Go Premium for a chance to win a PS4. Enter to Win

x
?
Solved

Command to Hide Comments

Posted on 2002-07-09
13
Medium Priority
?
208 Views
Last Modified: 2013-12-15
I am often presented with config files modified by someone else and would like to make sure they are correct.
The problem with most config files is that there are only a few lines of active code and often hundreds of lines of comments.

Is there a simple bash command that will cat a file and skip all blank lines and all lines that start with #?

One of my techs wrote a perl script but that seems overkill.

0
Comment
Question by:davidpm
  • 6
  • 2
  • 2
  • +2
13 Comments
 
LVL 38

Expert Comment

by:yuzh
ID: 7142195
use can use the following command line to do the job:

assume your file name is: yourfile.txt

cat yourfile.txt | grep -v "^#" | grep -v "^$" | more

you can redirect to "less" or another file.
0
 
LVL 14

Expert Comment

by:chris_calabrese
ID: 7143371
I'll second that.
0
 
LVL 51

Expert Comment

by:ahoffmann
ID: 7143970
# only one process needed:
  awk '($1 ~ /^#/){next}(NF==0){next}{print}' file
0
Concerto Cloud for Software Providers & ISVs

Can Concerto Cloud Services help you focus on evolving your application offerings, while delivering the best cloud experience to your customers? From DevOps to revenue models and customer support, the answer is yes!

Learn how Concerto can help you.

 

Author Comment

by:davidpm
ID: 7147748
Thanks ahoffman but I'm ready for another language just yet.

The following works:
cat test.conf | grep -v "^#" | grep -v "^[[:space:]]*$"

The last grep means match if the line only has zero or more whitespace characters in it. This should match space and tab etc.

That last part is a little hard to remember. Is there a trimmer way of doing the same thing?


0
 
LVL 38

Accepted Solution

by:
yuzh earned 200 total points
ID: 7148539
You can define a function in your .profile

eg:

readconf ()
{
cat $1 | | grep -v "^#" | grep -v "^[[:space:]]*$"

}


to use it:

readconf test.conf
0
 
LVL 51

Expert Comment

by:ahoffmann
ID: 7148647
FYI,
my suggestion works with any flaviour of awk on any UNIX,
"[[:space]]" is GNU-grep (and derivates) only (well, the default on Linux anyway).
And if performance or resources are in question: only one process ;-)
0
 
LVL 3

Expert Comment

by:DVB
ID: 7185552
egrep -v "(^#|^$)" /path/to/file
0
 
LVL 51

Expert Comment

by:ahoffmann
ID: 7186300
DVB: s/"/'/g
 and it still does not remove all comment lines
0
 
LVL 51

Expert Comment

by:ahoffmann
ID: 7186305
egrep -v '([ \t]*#|^[ \t]*$)' file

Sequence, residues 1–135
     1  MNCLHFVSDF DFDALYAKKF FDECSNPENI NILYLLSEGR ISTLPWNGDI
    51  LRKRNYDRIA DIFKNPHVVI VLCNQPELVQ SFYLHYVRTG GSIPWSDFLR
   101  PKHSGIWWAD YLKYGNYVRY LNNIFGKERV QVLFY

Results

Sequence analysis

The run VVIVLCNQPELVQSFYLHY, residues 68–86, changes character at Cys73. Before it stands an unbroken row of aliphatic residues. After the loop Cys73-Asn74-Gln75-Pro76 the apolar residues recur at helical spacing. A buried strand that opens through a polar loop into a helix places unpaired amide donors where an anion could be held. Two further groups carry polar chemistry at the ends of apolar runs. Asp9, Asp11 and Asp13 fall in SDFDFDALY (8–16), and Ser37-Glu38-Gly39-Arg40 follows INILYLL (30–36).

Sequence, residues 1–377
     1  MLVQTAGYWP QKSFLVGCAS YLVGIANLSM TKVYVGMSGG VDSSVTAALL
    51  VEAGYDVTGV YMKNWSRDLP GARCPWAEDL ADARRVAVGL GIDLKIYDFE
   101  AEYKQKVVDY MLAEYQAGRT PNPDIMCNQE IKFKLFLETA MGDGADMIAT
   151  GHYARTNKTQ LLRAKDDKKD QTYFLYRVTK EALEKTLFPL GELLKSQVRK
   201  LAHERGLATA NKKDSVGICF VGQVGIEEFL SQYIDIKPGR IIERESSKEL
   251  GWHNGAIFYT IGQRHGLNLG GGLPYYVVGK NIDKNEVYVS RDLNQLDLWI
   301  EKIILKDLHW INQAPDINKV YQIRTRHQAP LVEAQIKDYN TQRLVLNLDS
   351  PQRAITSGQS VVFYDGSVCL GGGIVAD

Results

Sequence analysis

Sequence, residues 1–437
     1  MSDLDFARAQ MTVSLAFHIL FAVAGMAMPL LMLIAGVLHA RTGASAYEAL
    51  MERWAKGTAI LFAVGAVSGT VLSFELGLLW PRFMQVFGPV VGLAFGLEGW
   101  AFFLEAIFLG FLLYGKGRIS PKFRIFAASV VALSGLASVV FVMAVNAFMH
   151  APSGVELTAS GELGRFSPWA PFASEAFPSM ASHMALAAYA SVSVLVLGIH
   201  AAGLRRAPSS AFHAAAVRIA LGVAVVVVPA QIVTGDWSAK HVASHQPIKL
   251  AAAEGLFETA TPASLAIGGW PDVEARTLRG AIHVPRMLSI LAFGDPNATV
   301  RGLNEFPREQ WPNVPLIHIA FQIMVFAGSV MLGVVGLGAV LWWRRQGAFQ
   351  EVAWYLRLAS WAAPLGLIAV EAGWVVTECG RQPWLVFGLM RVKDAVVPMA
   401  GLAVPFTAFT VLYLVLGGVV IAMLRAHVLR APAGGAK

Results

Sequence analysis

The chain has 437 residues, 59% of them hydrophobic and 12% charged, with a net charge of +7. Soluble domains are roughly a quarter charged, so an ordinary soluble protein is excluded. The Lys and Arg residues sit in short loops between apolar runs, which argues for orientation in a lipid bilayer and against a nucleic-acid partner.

0
 
LVL 14

Expert Comment

by:chris_calabrese
ID: 7189200
What the heck...

egrep -v '^[ \t]*(#|$)' file
0
 
LVL 51

Expert Comment

by:ahoffmann
ID: 7190003
contest closed?
LOL
0
 
LVL 51

Expert Comment

by:ahoffmann
ID: 7313884
wow, the longest (characters and cpu time) suggestion got the grade ;-)

davidpm, could you please explain your decision?

(yuzh, no offence)
0
 
LVL 3

Expert Comment

by:DVB
ID: 7314188
I think it was the easiest to read. Regular expressions can get complicated.
0

Featured Post

Free Tool: Site Down Detector

Helpful to verify reports of your own downtime, or to double check a downed website you are trying to access.

One of a set of tools we are providing to everyone as a way of saying thank you for being a part of the community.

Question has a verified solution.

If you are experiencing a similar issue, please ask a related question

I am a long time windows user and for me it is normal to have spaces in directory and file names. Changing to Linux I found myself frustrated when I moved my windows data over to my new Linux computer. The problem occurs when at the command line.…
If you have a server on collocation with the super-fast CPU, that doesn't mean that you get it running at full power. Here is a preamble. When doing inventory of Linux servers, that I'm administering, I've found that some of them are running on l…
Learn several ways to interact with files and get file information from the bash shell. ls lists the contents of a directory: Using the -a flag displays hidden files: Using the -l flag formats the output in a long list: The file command gives us mor…
How to Install VMware Tools in Red Hat Enterprise Linux 6.4 (RHEL 6.4) Step-by-Step Tutorial
Suggested Courses
Course of the Month12 days, 21 hours left to enroll

971 members asked questions and received personalized solutions in the past 7 days.

Join the community of 500,000 technology professionals and ask your questions.

Join & Ask a Question